• Another option is to drive to the Woronora Boat Shed and hire one of their many kyacks and canoes. The perfect way to explore this beautiful stretch of water.

We Didn’t Mean to Go to Sea

Last year we sold our beloved skiff and I wrote a heartfelt valedictory post about it here, where I celebrated the love of a boat that sadly had to go. In the meantime we’d sold our small house in south Sydney and headed for the leafy burbs of the ‘Shire, content with the tinny and the occasional race or delivery with old friends and connections whilst we focused on raising two girls and giving them a taste of the briny.

When we advertised the skiff online we got side tracked perusing the marine classifieds and day dreamed of the possibilities, a bit like some people do on domain.com on a Friday night accompanied by a chardy or two (actually that’s me as well). We pondered a few items in the four figure category, commenting on how lovely it would be to have something with a cabin to do overnighters on with the girls and take them outside of the heads.  Having just bought a house and not having yet sold our current one, not to mention the renovations required on the new one, we categorised a lead keel boat in the “several decades away” basket. In fact having done a few thousand miles on other people’s yachts, being a “proper” boat owner has never been top of the list.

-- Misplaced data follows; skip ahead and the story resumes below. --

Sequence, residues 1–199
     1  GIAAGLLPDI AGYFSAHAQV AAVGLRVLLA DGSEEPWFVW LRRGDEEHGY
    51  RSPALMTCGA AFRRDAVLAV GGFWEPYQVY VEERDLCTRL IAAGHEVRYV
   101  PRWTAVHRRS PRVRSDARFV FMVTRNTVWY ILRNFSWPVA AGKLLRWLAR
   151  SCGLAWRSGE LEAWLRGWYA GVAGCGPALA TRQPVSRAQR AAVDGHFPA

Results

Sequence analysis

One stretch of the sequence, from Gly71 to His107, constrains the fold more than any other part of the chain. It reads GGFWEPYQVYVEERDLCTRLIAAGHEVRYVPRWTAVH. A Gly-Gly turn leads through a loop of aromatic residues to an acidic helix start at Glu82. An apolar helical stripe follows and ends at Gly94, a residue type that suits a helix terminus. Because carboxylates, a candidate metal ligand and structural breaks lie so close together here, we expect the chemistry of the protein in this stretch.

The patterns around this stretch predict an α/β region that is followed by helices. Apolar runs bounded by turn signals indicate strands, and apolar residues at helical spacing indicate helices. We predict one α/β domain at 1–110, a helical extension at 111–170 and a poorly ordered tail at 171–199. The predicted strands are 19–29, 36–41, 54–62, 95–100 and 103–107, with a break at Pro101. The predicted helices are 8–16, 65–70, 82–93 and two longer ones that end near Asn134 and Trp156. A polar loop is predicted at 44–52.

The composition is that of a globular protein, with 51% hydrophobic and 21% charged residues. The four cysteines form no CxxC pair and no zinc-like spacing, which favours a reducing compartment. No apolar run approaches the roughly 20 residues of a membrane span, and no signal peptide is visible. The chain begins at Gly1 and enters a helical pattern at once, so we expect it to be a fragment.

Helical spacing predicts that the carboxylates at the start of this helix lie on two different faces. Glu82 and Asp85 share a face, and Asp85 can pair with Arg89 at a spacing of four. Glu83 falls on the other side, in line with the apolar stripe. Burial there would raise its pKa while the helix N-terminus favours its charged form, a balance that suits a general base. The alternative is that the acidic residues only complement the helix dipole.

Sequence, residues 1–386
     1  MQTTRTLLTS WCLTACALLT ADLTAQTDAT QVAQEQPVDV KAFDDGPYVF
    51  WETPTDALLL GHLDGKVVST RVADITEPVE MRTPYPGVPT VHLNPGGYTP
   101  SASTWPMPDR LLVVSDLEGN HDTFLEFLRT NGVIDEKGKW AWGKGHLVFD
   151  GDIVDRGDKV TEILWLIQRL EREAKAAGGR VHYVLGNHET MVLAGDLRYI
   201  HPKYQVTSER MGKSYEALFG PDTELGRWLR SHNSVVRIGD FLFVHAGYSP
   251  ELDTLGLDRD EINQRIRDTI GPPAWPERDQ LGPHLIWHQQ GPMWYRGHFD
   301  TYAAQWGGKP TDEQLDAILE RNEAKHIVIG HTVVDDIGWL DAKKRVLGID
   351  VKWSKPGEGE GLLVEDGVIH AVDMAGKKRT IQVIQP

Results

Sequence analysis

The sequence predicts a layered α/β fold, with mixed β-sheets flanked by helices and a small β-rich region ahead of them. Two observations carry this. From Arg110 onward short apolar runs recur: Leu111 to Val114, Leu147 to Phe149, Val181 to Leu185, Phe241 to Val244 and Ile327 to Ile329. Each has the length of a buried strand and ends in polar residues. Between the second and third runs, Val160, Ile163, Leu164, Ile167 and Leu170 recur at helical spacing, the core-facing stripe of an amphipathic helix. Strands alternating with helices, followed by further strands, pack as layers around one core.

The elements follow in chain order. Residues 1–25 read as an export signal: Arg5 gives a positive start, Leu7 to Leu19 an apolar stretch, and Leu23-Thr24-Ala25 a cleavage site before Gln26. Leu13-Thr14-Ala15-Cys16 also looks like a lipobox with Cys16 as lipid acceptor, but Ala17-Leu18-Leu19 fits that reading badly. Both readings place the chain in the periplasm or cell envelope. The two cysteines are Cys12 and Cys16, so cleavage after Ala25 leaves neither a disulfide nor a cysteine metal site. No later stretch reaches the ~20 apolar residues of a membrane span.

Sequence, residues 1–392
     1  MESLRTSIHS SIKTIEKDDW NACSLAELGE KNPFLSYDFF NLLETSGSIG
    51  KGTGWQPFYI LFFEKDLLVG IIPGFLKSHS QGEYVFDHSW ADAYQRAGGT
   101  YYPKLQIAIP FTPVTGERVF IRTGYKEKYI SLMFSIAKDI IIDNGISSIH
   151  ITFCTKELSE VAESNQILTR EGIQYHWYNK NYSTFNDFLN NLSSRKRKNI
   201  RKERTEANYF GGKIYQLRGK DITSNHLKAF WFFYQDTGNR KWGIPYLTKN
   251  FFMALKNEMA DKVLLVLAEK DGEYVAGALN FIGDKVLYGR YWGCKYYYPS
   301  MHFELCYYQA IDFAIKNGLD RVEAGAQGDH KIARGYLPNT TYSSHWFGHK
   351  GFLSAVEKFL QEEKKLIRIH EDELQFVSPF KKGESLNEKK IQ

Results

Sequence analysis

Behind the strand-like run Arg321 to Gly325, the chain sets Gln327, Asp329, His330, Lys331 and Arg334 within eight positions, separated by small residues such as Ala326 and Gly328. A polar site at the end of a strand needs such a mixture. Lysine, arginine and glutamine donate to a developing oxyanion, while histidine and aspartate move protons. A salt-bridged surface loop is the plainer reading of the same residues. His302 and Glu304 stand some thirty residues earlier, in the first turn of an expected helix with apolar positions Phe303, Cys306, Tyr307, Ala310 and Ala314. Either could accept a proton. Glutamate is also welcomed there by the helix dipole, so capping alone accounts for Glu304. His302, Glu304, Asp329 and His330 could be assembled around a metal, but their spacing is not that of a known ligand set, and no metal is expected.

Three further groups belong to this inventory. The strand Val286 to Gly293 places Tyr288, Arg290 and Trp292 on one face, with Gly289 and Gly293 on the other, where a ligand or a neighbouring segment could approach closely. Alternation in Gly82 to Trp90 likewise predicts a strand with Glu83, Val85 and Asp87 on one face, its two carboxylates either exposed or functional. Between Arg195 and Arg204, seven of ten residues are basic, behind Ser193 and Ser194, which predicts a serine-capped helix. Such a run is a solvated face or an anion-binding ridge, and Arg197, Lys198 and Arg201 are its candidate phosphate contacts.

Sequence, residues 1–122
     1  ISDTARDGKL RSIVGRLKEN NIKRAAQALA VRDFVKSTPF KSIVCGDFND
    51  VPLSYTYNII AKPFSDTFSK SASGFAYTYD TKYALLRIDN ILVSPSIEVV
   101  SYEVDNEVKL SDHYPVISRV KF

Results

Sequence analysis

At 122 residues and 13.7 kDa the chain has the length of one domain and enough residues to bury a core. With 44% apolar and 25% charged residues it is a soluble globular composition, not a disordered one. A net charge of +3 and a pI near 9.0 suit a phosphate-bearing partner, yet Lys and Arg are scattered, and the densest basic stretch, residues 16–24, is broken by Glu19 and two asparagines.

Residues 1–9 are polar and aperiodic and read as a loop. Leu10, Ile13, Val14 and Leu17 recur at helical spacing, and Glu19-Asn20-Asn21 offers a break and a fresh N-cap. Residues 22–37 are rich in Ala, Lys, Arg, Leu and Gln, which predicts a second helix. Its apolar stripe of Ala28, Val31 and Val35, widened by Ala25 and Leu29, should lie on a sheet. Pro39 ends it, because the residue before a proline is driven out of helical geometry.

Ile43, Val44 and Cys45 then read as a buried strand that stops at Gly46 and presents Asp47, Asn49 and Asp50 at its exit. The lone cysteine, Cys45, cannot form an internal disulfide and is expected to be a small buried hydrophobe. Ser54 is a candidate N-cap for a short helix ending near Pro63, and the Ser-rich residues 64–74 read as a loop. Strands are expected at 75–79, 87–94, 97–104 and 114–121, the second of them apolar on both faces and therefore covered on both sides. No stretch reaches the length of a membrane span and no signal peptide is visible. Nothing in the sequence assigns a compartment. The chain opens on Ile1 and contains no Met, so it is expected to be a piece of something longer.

But what would you say if someone offered you one. For free?.

Allow me to introduce you to the Red Endeavour.

img_2526